How to decompose a series into trend, seasonal, and residual components assuming an additive model?

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carolina
carolina on 17 Mar 2021
Edited: Kaiguang Zhao on 2 Apr 2022
Hi, I am trying to decomposition a time serie. I have a time serie with predictive temperature and real temperature. So, I need to decomposition time series for better understand problems during time series analysis and forecasting.
Where the components are added together as follow:
Time series = Level + Trend + Seasonality + Noise
Noise=Time series- seasonality -trend
I have tried to do this but, I only have understood how to estimate a long-term trend and seasonality. I need to show a similar result or if there is a tool to decomposition time serie in components.
I have not been able how to estimate noise or residual component. Thanks in advance for your help.

Accepted Answer

Kaiguang Zhao
Kaiguang Zhao on 2 Apr 2022
Edited: Kaiguang Zhao on 2 Apr 2022
Copied here is the same answer to your same question posted in another thread:
Numerous time series decomposition algorithms are possible and the results are sensitive to the algorithim choices. (An excerpt from here: The notional of seasonal variation is always intrinsically ambiguous: whether the temporal variation should be considered Seasonal, Trend, or Remainder is, to a degree, a matter of opinion and determined by choice of model and model parameters. This is true in STL as well as any seasonal variational approach).
In case that somebody is looking for an alternative, one choice is a Bayesian method called BEAST (Bayesian Estimator of Abrupt Change, Seasonality, and Trend), available from this FileExchange entry or https://github.com/zhaokg/Rbeast. It can be instally installed by running eval(webread('http://b.link/beast',weboptions('cert',''))). BEAST actually does the time series decomposition and changepoint detection at the same time. Below is a quick illustration using a monthly Google search Trend time series on the keyword 'beach in the US:
eval(webread('http://b.link/beast',weboptions('cert',''))) % Quick installation of BEAST to a tmp path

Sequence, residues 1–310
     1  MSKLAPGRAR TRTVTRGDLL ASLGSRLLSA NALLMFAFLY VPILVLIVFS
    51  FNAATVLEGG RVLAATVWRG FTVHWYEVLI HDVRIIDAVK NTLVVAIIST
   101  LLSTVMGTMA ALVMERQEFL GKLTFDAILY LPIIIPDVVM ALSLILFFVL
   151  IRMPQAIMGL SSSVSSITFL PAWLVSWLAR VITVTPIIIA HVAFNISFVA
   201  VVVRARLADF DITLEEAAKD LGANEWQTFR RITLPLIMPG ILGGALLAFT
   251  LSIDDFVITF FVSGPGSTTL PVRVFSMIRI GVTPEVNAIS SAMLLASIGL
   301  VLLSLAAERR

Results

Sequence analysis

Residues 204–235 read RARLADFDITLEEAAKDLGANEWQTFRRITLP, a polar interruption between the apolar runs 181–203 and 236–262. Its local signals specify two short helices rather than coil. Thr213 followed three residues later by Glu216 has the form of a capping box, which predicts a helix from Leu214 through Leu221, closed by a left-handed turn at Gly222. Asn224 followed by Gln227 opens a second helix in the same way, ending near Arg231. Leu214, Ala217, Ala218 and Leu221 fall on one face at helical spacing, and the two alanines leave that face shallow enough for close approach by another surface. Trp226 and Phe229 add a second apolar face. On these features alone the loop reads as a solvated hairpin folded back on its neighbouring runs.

load('googletrend.mat') % Monthly Google search trend data of 'beach' since Jan 2004
o = beast( beach ) % Apply BEAST to the 'beach time series: beach is a data vector only; the time
% info can be supplied using the start and deltat
% keywords, as in the next commented line
%o = beast( beach,'start',[2004,1],'deltat',1/12 )
printbeast(o) % print the changepoints detected
plotbeast(o) % plot the results: o.season.Y and o.trend.Y are the seasonal and trend compoents
Below is the plotted result. The decomposed seasonal signal and trend are in the 'seasona' and 'trend' subplots, respectively. In the fitted seasonality and trend, seasonal changepoints (scp) and trend changepoints (tcp) are detected seperately. As a Bayesian method, it not just tells when there are some changepoints but also quanitifies the probablity of changepoint occurrence over time (the Pr(scp) and Pr(tcp) subplots where the peaks indicate the times when the changepoints most likely occur).
Some possible interpretations of the results: There was a sudden jump (or structural break) in the summer of 2011 (The summer of 2011 was the hottest one on record for the US: the time series 'beach' again refers to the US online search popularity for 'beach'). There was also an abrupt rise at the start of 2016, again possibly attribute to the abormal high temperature (January 2016 Was the Most Abnormally Warm Month Ever Recorded: https://weather.com/news/climate/news/record-warmest-january-global-2016). There was a sharp drop in the search popularity around April 2020 (attributed apparently to the covid outbreak).
BEAST can also handle trend-only time series. Below is also an example to explain the meaining of tOrder and sOrder (e.g., the y labels in the figure above)..
y = [zeros(1,100) 1:100 99:-1:50 50*ones(1,250)] + 10*rand(1,500); % a trend-only time series without perodic/seasonal variation
o = beast(y, 'season','none') % season='none': y has no periodic/season component
plotbeast(o)
printbeast(o)
The trend is fitted using a piecewise polynomial model. Again, as a Bayesian method, BEAST assumes the order of the polynomial as uknowns. The orders of the polynomial needed to adequately fit the trend are estimated over time, as depicted iin the tOrder subplot. The 1st and 4th segments are flat lines, so their estimated poly orders are close to zeros.
uninstallbeast % Uninstall BEAST

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